The maximum rate of O2 uptake (i.e., V̇o2max), as measured during large muscle mass exercise such as cycling or running, is widely considered to be the gold standard measurement of integrated cardiopulmonary-muscle oxidative function. The development of rapid-response gas analyzers, enabling measurement of breath-by-breath pulmonary gas exchange, has facilitated replacement of the discontinuous progressive maximal exercise test (that produced an unambiguous V̇o2-work rate plateau definitive for V̇o2max) with the rapidly incremented or ramp testing protocol. Although this is more suitable for clinical and experimental investigations and enables measurement of the gas exchange threshold, exercise efficiency, and V̇o2 kinetics, a V̇o2-work rate plateau is not an obligatory outcome. This shortcoming has led to investigators resorting to so-called secondary criteria such as respiratory exchange ratio, maximal heart rate, and/or maximal blood lactate concentration, the acceptable values of which may be selected arbitrarily and result in grossly inaccurate V̇o2max estimation. Whereas this may not be an overriding concern in young, healthy subjects with experience of performing exercise to volitional exhaustion, exercise test naïve subjects, patient populations, and less motivated subjects may stop exercising before their V̇o2max is reached. When V̇o2max is a or the criterion outcome of the investigation, this represents a major experimental design issue. This CORP presents the rationale for incorporation of a second, constant work rate test performed at ~110% of the work rate achieved on the initial ramp test to resolve the classic V̇o2-work rate plateau that is the unambiguous validation of V̇o2max. The broad utility of this procedure has been established for children, adults of varying fitness, obese individuals, and patient populations.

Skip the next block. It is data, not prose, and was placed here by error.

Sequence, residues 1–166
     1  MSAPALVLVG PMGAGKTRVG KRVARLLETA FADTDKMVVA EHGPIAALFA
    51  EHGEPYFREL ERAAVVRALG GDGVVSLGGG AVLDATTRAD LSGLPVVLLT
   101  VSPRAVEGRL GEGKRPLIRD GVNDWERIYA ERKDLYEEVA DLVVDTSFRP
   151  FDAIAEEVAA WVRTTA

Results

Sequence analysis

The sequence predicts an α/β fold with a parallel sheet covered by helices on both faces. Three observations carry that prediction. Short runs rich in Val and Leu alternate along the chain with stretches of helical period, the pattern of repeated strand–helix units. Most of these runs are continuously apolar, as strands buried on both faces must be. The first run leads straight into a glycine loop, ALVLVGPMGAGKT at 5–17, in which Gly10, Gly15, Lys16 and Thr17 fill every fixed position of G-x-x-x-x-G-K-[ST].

- cardiopulmonary exercise testing
- incremental exercise
- constant-load exercise
- oxygen transport
- cardiorespiratory disease
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